Oxford Solid State Physics 2015
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Re: Fourier Transform of Any Periodic Function

Posted by Saad on March 2, 2015, 2:22 pm, in reply to "Re: Fourier Transform of Any Periodic Function"

 Thanks for the reply. Option 1 is easy to understand, but I'm not sure I fully understand Option 2. We need to do a fourier transform over all of space. In option 2, we split the lattice into conventional unit cells. The fourier transform then consists of the sum over appropriate lattice points (NOT all, to avoid multiple counting) multiplied by the fourier transform in the conventional unit cell. Now, in this case, the latter fourier transform itself can be split up into a lattice structure factor and a basis structure factor. Considering this lattice structure factor, and the original sum, we get the same restriction on G as in option 1. The restriction is that G has to be an integer linear combination of primitive reciprocal lattice vectors (Obvious when option 1 considered). In option 2, since we are not using primitive lattice vectors, reciprocal lattice vectors are not primitive, meaning we require additional restrictions on h,k and l, given by the lattice structure factor. Is that right?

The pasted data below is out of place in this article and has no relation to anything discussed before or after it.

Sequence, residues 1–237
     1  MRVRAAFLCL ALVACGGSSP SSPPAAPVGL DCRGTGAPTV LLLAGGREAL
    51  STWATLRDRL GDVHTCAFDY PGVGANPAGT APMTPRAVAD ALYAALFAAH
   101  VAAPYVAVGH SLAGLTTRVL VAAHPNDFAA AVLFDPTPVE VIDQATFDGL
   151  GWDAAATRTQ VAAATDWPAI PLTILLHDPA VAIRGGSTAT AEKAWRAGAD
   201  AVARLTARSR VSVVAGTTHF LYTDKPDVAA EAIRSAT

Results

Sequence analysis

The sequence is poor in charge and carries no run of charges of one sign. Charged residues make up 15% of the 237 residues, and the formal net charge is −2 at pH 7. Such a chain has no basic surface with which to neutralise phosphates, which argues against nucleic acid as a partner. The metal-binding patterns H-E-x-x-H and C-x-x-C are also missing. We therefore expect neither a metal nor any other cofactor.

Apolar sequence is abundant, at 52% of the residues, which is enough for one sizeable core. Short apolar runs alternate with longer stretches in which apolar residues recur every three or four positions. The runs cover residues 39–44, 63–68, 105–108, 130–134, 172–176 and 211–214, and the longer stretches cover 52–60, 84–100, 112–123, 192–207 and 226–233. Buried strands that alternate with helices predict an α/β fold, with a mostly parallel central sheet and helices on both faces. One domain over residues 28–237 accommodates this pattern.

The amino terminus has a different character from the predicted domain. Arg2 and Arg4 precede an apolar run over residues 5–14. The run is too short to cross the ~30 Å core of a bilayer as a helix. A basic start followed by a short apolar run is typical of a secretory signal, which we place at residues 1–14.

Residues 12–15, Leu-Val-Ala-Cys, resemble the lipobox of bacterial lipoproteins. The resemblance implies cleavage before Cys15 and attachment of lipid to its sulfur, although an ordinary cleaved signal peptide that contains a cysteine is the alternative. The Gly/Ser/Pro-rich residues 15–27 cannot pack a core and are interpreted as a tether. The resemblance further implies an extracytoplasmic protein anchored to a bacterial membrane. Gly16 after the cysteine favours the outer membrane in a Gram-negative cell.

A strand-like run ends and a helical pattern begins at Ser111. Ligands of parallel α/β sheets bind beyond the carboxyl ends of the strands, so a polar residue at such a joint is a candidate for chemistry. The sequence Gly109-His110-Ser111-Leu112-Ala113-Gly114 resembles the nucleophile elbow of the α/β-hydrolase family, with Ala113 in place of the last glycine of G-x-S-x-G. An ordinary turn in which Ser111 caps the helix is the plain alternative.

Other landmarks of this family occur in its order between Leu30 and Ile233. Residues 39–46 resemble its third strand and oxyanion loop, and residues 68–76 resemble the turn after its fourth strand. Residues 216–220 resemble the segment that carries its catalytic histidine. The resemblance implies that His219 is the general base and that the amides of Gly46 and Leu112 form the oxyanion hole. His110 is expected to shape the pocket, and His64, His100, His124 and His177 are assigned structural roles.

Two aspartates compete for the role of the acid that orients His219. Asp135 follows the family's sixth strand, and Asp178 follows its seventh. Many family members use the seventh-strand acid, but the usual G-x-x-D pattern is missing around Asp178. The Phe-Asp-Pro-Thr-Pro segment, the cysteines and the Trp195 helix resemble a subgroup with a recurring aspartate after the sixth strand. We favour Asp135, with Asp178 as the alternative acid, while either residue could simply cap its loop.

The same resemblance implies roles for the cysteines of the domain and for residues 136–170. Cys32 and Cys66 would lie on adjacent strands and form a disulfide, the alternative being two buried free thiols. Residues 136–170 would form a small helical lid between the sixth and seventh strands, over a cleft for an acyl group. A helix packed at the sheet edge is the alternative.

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 Message Thread Fourier Transform of Any Periodic Function - Saad February 27, 2015, 4:11 pm Re: Fourier Transform of Any Periodic Function - Steve Simon February 28, 2015, 9:30 am Re: Fourier Transform of Any Periodic Function - Saad March 2, 2015, 2:22 pm Re: Fourier Transform of Any Periodic Function - Steve Simon March 2, 2015, 9:36 pm « Back to index

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